Art will move mountains


The smell of raw lumber greets pedestrians strolling down Cornell Avenue outside the Hyde Park Art Center. Inside the building’s open doorways, two 16-foot-tall wooden skeletal mountains sit on a divided stage, linked to one another by ropes attached to pulleys. The piece, ‘Olympus Manger,’ Scene II, is “an investigation of scale, landscape, the built environment, and its relationship to the body,” according to artist Kelly Kaczynski’s exhibit notes. The piece allows viewers to remain a “spectator,” or assume an “actor” role by climbing on stage and partaking in a tug-of-war with the ropes dangling off the towers. Pulling the ropes results in a slow joining, and eventual collapse, of the towers.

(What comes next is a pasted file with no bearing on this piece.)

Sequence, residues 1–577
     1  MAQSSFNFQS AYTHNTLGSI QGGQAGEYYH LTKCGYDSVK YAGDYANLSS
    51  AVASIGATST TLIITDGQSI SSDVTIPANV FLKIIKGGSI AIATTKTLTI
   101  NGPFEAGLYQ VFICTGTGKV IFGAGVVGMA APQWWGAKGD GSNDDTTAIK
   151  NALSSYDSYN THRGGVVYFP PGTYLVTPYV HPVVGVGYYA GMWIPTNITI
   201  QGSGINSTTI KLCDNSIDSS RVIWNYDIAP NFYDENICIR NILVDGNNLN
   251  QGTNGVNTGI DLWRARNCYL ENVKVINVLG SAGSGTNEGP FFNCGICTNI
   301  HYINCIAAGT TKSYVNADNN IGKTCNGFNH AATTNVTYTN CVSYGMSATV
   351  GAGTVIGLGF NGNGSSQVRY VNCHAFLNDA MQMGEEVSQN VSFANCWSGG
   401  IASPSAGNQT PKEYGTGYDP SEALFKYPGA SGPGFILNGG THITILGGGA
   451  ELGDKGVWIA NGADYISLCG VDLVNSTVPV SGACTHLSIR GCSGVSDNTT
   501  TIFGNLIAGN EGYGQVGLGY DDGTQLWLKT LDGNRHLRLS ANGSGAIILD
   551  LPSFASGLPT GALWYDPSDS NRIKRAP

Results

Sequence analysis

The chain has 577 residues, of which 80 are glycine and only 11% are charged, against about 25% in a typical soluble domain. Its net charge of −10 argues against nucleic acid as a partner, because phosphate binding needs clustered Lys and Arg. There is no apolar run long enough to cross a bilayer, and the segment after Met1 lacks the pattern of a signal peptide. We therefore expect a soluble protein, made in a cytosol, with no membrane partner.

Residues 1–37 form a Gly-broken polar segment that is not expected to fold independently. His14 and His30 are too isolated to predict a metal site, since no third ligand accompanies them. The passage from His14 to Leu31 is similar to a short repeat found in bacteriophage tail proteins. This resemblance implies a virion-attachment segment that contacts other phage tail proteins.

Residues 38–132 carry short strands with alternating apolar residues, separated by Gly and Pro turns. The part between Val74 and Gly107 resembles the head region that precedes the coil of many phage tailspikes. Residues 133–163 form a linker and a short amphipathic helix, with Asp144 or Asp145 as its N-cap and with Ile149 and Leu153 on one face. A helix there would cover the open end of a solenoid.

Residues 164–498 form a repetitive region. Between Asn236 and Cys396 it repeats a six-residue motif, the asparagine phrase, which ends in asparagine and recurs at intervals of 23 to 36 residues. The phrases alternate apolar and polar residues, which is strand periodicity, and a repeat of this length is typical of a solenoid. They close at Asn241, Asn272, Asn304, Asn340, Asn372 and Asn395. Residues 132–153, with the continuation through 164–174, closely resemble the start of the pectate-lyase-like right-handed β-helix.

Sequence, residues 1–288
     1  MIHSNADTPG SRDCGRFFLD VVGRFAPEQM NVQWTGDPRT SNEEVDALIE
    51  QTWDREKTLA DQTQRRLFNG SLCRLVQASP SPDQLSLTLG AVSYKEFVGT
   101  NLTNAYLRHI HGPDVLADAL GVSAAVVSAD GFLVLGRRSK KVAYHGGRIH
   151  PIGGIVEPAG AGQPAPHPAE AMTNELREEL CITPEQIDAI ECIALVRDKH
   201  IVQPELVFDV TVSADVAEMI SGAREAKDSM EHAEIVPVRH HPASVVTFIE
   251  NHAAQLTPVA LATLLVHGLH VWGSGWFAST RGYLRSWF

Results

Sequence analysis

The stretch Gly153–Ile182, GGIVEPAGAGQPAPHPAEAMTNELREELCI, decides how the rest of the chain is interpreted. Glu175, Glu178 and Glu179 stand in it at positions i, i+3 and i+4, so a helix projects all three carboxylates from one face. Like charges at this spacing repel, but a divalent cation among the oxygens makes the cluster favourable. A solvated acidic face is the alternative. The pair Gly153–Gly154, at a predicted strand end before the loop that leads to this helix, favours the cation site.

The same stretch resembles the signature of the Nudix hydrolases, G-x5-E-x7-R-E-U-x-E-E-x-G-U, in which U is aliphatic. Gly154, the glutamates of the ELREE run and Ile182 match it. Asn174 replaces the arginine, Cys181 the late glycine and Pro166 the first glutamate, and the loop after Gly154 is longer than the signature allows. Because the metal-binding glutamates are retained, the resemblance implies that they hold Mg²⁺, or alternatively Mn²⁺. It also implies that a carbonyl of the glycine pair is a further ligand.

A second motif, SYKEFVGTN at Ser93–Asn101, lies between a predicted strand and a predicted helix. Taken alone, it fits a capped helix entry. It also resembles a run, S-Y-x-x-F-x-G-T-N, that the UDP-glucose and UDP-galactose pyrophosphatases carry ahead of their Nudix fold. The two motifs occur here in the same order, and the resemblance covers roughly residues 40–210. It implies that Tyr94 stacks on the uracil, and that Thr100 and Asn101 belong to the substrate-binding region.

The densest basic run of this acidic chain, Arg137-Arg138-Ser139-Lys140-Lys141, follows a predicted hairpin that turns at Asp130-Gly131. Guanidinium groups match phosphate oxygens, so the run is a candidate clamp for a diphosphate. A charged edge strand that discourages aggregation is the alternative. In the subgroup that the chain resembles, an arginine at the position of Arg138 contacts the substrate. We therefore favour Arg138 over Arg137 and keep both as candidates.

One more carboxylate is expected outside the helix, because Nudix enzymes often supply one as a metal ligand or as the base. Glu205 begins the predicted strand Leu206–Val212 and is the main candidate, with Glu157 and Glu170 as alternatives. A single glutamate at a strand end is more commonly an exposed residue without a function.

Kaczynski calculated that the two stages’ collision should last the duration of the exhibition’s 13-week run, according to notes by Allison Peters, director of the art center's exhibits, thereby mimicking the slow pace of natural phenomena like plate tectonics. But just as earthquakes can suddenly rattle or volcanoes can erupt, Olympus Manger is prone to bursts of activity, based on the number of visitors to the gallery who choose to participate. Eventually the two stages will be fused together and the structural debris from the two mountains will transform into a single mass.

The exhibit runs through July 6.


Photo: Kelly Kaczynski, 'Olympus Manger,' Scene II, 2008, wood, dry wall, rope and glue.

Photo courtesy the Hyde Park Art Center.

June 25, 2008